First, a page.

Why men may have a harder time than women finding jobs


If you’re searching for a job, the odds of finding one may depend on your gender.

Overall, occupations that are more than 80 percent female are projected to grow at nearly twice the rate of jobs that are at least 60 percent male between 2014 and 2024, according to research out this week from the jobs site Indeed and its chief economist, Jed Kolko. The site researched Bureau of Labor Statistics and found that many are jobs that are traditionally dominated by women — including occupational therapy assistants, physical therapy assistants and nurse practitioners — are growing at the fastest rate. They will grow at about a 40 percent rate, compared to an overall rate of 6.5 percent for all jobs.

In fact, all of the fastest-growing jobs for women were healthcare-related.

Among male-dominated jobs, some are growing faster than others. Indeed tried to find out which traditionally male jobs will grow and found that ambulance drivers and attendants came out on top, with 33 percent employment growth expected from 2014 to 2024. They were followed by personal finance advisers, with 29.6 percent growth expected during the same period, followed by web developers (26.6 percent), emergency medical technicians and paramedics (24 percent) and computer and informational research scientists (20.9 percent).

At the same time, manufacturing and agriculture, which have traditionally employed more men than women, are projected to lose jobs in the next decade. The BLS projects the U.S. will lose about 282,000 production jobs between 2014 and 2024, or 3 percent of all production-related jobs. There will also be a dip of about 6 percent, or 47,500 jobs, in agriculture between 2014 and 2024, BLS predicts. Some traditionally female-dominated jobs are also shrinking: Telephone operators, switchboard operators and sewing machine operators are expected to fall by around 43 percent, 33 percent and 27 percent respectively between 2014 and 2024.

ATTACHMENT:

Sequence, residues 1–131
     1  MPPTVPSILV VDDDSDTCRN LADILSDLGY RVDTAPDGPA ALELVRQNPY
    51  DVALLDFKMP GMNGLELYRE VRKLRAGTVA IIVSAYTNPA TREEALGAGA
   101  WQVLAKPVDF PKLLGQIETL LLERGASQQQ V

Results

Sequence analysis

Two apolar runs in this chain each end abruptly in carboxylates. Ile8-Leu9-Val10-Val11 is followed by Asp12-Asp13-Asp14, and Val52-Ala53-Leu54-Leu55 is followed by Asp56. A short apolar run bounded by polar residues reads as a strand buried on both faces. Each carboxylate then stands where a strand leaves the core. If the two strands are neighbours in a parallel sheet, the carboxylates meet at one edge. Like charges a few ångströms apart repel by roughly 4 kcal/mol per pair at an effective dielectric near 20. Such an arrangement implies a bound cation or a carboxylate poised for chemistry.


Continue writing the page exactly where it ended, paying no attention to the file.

Of course, men and women don’t have to stick to careers generally dominated by their own genders, Kolko said. In fact, men with higher levels of education are less likely to work in jobs that are male-dominated, he said. But the job market does remain somewhat segregated. More than one-third of men work in occupations that are at least 80 percent male and 31 percent of women work in occupations that are least 80 percent female, according to Census data.

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